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Why I have not bought a Kindle

I love Kindle — I’ve used it (far) more than hard copy this year — but what I don’t need is another device.

I use this: Kindle download for PC. It does the job; just like Kindle it’s a boring little screen but if you poke it, a book pops up. The font size is flexible, as is the line length and background (white, sepia, or black) — so it’s legible. Plus it’s free, and the books are usually cheaper than paperbacks.

I use it to read:

  • books I need to research for work/writing,
  • free stuff,
  • friends’ books that I want to review while I am waiting for hard copy,
  • anthologies containing my stories,
  • books that I don’t expect to like.

If I’m out and about, I have Kindle for Android all set up and the books downloaded to my PC are synchronised — ready and waiting for me to pick up where I left off.

But when the PC’s off and the phone’s on charge — when I’m not at work but reading just for fun — I use hard copy. (‘Paper’ in olde speak.)

Paper copies, for me, will always be essential; when chilling out, I read

  • in the bath,
  • on the beach,
  • on clifftops,
  • with my kids (one of whom is teething),
  • and while feeding the baby late at night.

Unlike your bendy-flexy, bouncy, radiator-drying, dog-proof, sand-proof, suncream absorbent, squish-resistant, five-quid-a-pop paperback, A Kindle, a real-life Kindle, doesn’t stand a chance with us. The only way it could feasibly escape being drowned, buried, flung, sucked, sat on, squashed or otherwise broken is if I managed to lose it first.

Which, of course, I would.


12 comments

  1. Rachel says:

    Thank you for introducing me to the word ‘Glahh’.
    I speak from experience when I say it’s far nicer to drop a paperback on your face when you fall asleep.

    • tu says:

      Hi Rachel, and ow!

      “Glah” is the word-child of Teresa Stenson and it’s entirely down to her that I use it. Funny how these things stick.

  2. Pete says:

    I have a Kindle but I can’t say I’ve enjoyed it as much as I’d have thought. Great for travelling when you don/t want to carry a lot of books around but otherwise I still prefer a book.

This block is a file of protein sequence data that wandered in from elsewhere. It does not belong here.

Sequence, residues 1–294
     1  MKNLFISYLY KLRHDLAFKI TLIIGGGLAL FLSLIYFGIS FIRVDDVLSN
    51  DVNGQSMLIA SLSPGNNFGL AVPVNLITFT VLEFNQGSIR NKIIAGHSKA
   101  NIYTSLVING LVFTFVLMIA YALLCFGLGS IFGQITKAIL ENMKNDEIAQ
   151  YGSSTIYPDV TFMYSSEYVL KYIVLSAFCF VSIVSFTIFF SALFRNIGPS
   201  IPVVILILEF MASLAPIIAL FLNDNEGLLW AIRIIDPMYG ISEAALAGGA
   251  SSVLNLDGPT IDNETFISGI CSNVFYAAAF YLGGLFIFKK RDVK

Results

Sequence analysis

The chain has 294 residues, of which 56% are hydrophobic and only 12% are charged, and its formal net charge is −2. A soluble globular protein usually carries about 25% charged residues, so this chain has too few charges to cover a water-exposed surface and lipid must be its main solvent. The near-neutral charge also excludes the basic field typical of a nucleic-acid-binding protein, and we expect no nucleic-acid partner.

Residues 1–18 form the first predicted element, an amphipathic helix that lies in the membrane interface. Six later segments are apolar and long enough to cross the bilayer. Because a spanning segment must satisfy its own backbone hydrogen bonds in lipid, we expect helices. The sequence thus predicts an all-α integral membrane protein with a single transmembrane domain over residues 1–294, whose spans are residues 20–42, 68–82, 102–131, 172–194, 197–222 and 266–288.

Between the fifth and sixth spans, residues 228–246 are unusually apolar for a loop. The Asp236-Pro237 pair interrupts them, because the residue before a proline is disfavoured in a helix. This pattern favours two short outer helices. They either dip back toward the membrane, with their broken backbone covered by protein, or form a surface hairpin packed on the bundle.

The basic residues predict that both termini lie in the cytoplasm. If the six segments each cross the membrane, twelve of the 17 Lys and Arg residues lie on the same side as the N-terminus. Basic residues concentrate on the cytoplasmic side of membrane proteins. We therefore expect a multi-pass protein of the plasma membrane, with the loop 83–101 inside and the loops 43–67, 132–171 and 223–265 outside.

• tu says:

      I love having electronic texts for easy referral but the smart phone revolution (can we call it that?) means you can shove hundreds of books into a phone, so no extra carriage.

  3. jasondmepham says:

    I have to admit I still haven’t got around to getting a kindle but I shall. My reason? To tap into a whole new vast market chock full of self published authors crying out to be heard. Sure, some of the stuff out there won’t be great but I bet most of it is. Not only that but I feel slightly ashamed to keep promoting my book via Amazon kindle, when in fact I don’t yet have one!

    • t upchurch says:

      I love the Kindle books and have enjoyed some of the self-published novels as you say, but I use my Android phone more than anything. To me, I’m either at home (Kindle for PC), or out and about, when I want it to be a tiny device. Horses for courses, eh?

  4. debutnovelist says:

    Hi Martha
    I divide my reading time between Kindle and ‘real’ books but can’t cope with Kindle for PC because I find it impossible to ‘read for pleasure’ from a PC screen. (No smartphone – yet, but – phone book camera all in one gadget – really, what am I waiting for?
    Ali B

    • t upchurch says:

      It can be hard to keep up, sometimes, can’t it? I have an Android phone which I love — it’s brilliant for Kindle. The only downside so far is that I can’t access Ether Books (not even to read read my own story there!) because they work on iPhones (the Android app is I believe coming this year?). It’s a juggle, and it can be expensive. There’s still a lot to be said for paper…
      [Update: Ether app is now available for Android.]

      • debutnovelist says:

        Know what you mean about Ether books! Yes, I hear the android app is out soon – another reason to go smartphone!
        Ali B

  5. Diana Stevan says:

    Ah, I was a holdout, too. My husband’s an avid reader and now rarely reads a book, paper, that is. He loves his e-reader. I poo-poohed it for myself for the longest time, and then thought it might have some merit, as in travel times. So, now I have a kindle, and have downloaded two books. Yay!!! I find it very efficient, though I do still love cracking the cover of hard cover books or paperback. I now view it as a reasonable option. Funny though, when I was in NY recently, the majority of readers on the subway did it the traditional way. They pulled out their books, and not e-readers.

    • t upchurch says:

      For me, I think I’d go for Kindle for PC for work, Android for travelling and a paperback in bed! I was on the London Tube recently and also saw only a couple of paperbacks — no Kindles. Mind you, I took a very excited baby with me, so no one got to read anything while we were there, anyway!

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